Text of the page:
I always had a passion for weather. I just never knew that I had it until my dad asked me what I wanted to do for the rest of my life. I still remember the conversation. It was my senior year, I was sitting at the dining room table right next to the head of the table. My dad walked in through the hall toward the kitchen, stopped, put his hands down, and said, “Son what are you going to do for the rest of your life?” “I don’t know dad. Fireman? Electrician?” He went, “Why don’t you go study the weather? You’re like a freak when it snows. We leave the barn light on so you can see the first flakes. You shovel the driveway so your mother can get to work. You have to wake up every day for the next fifty years of your life and go to work – you really have to love what you do.”
That was that. We looked into colleges, and I settled on Lyndon State where I eventually got my degree in meteorology. At school when I studied the broadcasting side, my first time in front of a camera was awful. I tried to memorize everything I was going to say. I completely failed. It was ugly. The next time I thought, “You know, just go say what’s on your mind. Don’t rehearse. Just go do it.” It worked.
After I graduated, I was painting a building in Vermont when I got a call that would change my life. I was up on this scaffolding when my brother yelled, “Hey The Weather Channel wants to talk to you.” It was totally out of the blue because I didn’t apply. They found me. It was really cool because we just got the network on cable in Vermont, so I actually watched some of those guys.
At the time, The Weather Channel worked with a company who knew where all the upcoming meteorologists were graduating from and where they were being placed. Lyndon State is a very popular school for growing meteorologists, and they have a very high percentage of job placement in the industry. So that’s how they found me. They got a look at my tape on this huge reel and brought me down to Atlanta for an interview. When I came down, I was a little bit star struck- which I don’t usually get for anybody.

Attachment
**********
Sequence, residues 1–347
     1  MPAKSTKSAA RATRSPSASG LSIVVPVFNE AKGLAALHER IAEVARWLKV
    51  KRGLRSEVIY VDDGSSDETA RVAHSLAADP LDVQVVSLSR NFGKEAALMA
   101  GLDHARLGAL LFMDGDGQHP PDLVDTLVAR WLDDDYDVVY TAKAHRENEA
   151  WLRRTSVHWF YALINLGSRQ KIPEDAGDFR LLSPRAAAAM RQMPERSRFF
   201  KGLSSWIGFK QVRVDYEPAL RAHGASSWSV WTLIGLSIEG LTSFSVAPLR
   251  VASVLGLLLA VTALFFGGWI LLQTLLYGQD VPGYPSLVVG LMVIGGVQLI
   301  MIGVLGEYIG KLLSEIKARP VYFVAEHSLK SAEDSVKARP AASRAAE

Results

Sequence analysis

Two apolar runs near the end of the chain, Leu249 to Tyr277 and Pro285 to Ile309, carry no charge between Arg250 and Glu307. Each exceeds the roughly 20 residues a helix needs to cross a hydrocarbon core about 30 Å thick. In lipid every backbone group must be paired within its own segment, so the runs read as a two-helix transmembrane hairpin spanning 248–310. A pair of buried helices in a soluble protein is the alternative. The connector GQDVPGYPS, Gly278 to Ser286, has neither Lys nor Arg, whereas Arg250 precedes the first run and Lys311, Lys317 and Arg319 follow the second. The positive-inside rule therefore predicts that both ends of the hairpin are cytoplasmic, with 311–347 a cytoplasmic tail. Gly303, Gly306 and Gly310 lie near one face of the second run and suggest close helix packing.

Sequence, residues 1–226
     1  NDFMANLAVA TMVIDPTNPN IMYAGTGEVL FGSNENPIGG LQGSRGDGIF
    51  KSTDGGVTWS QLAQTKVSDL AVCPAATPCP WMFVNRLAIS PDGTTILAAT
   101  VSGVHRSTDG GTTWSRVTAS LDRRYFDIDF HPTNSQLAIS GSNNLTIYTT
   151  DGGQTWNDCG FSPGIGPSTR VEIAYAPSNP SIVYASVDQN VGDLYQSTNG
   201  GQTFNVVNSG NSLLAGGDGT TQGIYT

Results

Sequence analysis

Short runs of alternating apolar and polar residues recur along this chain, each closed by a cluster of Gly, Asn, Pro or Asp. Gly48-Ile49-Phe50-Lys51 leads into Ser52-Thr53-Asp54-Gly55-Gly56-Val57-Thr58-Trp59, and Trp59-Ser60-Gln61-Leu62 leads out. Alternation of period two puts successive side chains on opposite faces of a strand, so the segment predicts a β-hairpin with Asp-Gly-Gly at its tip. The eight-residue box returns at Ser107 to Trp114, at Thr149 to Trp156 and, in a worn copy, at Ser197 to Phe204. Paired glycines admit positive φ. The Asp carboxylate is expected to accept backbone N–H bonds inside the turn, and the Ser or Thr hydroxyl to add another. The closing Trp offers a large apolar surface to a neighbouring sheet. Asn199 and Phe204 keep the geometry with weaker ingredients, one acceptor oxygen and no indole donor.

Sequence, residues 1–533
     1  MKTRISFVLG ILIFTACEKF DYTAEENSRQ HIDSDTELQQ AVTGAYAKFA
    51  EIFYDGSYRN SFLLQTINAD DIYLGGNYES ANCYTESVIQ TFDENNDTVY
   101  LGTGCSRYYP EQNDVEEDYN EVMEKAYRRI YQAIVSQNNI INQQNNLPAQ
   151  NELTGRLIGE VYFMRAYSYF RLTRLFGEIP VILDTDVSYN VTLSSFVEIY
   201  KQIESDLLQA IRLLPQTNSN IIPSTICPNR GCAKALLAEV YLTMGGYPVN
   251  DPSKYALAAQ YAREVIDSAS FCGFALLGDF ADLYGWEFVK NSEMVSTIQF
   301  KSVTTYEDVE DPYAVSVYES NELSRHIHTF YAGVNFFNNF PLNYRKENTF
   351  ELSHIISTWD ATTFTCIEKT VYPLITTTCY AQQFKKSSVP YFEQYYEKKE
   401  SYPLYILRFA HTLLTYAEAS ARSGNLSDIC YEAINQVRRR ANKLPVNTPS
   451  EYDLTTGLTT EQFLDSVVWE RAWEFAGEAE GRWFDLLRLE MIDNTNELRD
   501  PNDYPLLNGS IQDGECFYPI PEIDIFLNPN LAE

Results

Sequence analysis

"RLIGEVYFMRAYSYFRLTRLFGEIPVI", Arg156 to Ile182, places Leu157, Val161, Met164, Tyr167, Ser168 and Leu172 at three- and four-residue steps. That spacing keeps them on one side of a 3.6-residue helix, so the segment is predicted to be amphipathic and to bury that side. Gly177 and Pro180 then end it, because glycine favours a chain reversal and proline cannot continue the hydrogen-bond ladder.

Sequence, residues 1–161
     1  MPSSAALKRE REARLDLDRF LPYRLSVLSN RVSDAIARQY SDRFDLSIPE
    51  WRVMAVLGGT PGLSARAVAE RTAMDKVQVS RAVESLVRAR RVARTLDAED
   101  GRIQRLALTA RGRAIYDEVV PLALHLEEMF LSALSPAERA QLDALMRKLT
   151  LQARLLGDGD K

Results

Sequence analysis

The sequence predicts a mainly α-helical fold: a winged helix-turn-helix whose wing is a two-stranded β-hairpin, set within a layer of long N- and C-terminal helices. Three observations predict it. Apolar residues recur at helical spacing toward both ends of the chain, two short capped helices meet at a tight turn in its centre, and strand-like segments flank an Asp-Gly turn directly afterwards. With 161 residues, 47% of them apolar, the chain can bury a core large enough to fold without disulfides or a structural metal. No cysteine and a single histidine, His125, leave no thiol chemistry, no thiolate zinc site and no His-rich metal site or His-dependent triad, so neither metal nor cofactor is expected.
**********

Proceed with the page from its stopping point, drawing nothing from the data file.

The interview really went well. The hiring manager, Ray Ban, was just a really cool guy. We were just man to man with each other. I don’t think he expected me to be any different than what I am on the air today, and really that’s the only way I am. What you see is what you get. We had an honest man to man interview. He liked me and gave me a shot. I’d like to say that after 30 years I haven’t let him down, but I never forgot that. He didn’t have to give a kid with no experience that dream shot. To come here from college to a national network was a huge deal! I didn’t have any clue at the time how huge a deal it was, but it really was. Getting a job at The Weather Channel right out of college was like wow!
The Weather Channel 30 years ago was weather all the time. The morning on-camera meteorologists would alternate hours – 5, 7,9 and 11 or 6, 8, 10 and 12 – and it was a lot more talking than it is now. For a four hour shift, you’d talk for 25 minutes of each hour. Which, after four hours, is a lot of chattin’ and a lot of map. We’d have to stack our own shows. We put the frames that the maps were on through an old quantel paintbox, so we had store it, recall it and put it into a thing called a stack. The stagnant images would each get a number. Radars used to have to be called up from the newsdesk by a person. Then you would call for them when you were on the air. Then that person would switch the radar on and off the air. We’d have to move our own maps – a little bit like we have to do today – which is the only thing that’s the same. But there was no drawing on them. We also had to adjust our own cameras before we went out on the air. So if I followed a tall person and forgot to adjust the camera, I’d come out looking like a talking head!
I always want the ball when the game is on the line. So I made myself available to be the go-to field reporter, frankly at some personal sacrifice, but that was the job I was meant to do. I remember the first weather event I covered like it was yesterday. The second landfall of Hurricane Andrew in Louisiana, 1992. My air conditioning unit on the 16th floor of my hotel blew in the window and into the middle of my floor, while I was in bed sleeping. I wake up, and I look outside the window and literally there were transformers exploding everywhere surging and popping. It looked like the Fourth of July. So I woke up everyone “We got to go live. We got to go live. This thing is coming in.” I woke up the crew, and we get up and running. I think it was one of the earliest times we’ve ever been live on the air in our existence.
Though you always remember your first, other big events stand out. Katrina was a game changer. I think had post traumatic stress from that – that I dealt with on my own. I never smelled death; I never witnessed death until then. They were long hours. We slept in the car, and we ate crap food, but hopefully our efforts there helped bring humanitarian efforts to the people of Mississippi and Louisiana. Ike was amazing because I was in the eye. So I got both sides of the hurricane including the calm. Fran was scary because I watched boats come up on the road across from my hotel. That was crazy. The thundersnow events I experienced in Chicago and Plymouth, MA were really dynamic and powerful. It’s intense to see Mother Nature one up herself a little bit because it’s never the same. No storm is ever the same.